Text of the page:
Invest in developing category expertise

Direct and indirect procurement are vastly different, but the fundamental skills are essentially the same — negotiation, inquiry, business and market intelligence. However, buyer behavior and expectations are quite different – manufacturing sites know they need to rely on purchasing to source goods for the plant site; the legal division or finance discipline not so much. Buyers whose core competency is what we are buying (like legal services for the legal division, or marketing agencies for brand management) are much more intellectually invested than simply requisitioning materials for product production. This makes it even more challenging but not as interesting as learning how enzymes work and are made, or watching blowmolders turn out thousands of bottles each day. These differences keep the work interesting, and require sourcing professionals to understand the technology, industries and markets of what they sourcing. Often it takes time to penetrate the market dynamics of more complex markets (like media) or unique knowledge (like in legal or financial services) and sourcing professionals need to invest the time to learn, as well as to understand the nuances of each direct and indirect category.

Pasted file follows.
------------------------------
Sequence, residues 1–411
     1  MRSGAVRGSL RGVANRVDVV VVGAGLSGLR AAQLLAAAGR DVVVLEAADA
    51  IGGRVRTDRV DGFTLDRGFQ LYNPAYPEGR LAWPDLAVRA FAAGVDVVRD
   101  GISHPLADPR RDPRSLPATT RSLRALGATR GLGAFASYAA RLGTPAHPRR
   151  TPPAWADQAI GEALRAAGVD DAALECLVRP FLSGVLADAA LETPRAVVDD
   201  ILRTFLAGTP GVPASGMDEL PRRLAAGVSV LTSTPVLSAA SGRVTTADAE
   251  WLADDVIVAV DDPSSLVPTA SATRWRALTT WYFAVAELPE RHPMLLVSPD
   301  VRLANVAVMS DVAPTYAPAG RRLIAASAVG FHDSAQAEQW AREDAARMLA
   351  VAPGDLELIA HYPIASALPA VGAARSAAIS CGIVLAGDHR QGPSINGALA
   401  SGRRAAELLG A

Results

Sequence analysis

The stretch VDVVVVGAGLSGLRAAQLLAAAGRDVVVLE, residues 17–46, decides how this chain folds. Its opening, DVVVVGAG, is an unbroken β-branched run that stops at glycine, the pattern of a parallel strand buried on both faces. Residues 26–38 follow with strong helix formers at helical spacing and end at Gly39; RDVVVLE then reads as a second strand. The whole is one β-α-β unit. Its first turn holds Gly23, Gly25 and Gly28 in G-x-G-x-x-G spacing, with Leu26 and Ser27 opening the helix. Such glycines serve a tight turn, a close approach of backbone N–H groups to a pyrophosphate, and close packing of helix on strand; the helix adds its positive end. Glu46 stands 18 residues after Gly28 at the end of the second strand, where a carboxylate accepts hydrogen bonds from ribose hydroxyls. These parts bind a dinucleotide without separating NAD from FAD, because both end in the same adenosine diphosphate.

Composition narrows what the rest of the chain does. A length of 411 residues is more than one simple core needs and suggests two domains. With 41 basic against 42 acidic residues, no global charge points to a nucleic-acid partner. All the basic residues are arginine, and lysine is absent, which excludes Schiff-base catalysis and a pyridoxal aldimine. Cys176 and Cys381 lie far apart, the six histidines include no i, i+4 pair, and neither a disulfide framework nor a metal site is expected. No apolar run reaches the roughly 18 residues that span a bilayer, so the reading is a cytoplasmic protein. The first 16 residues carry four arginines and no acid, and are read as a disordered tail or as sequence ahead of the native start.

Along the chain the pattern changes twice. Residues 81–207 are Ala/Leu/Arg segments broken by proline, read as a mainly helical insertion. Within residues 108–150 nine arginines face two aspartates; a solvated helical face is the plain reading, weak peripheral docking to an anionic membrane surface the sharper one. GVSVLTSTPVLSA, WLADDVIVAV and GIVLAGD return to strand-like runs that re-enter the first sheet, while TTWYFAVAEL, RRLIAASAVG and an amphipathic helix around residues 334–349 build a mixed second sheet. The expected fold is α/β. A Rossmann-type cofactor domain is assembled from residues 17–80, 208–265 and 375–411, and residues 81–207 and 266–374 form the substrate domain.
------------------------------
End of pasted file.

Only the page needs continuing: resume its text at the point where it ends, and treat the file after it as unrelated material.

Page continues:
Utilize multiple sourcing levers and strategies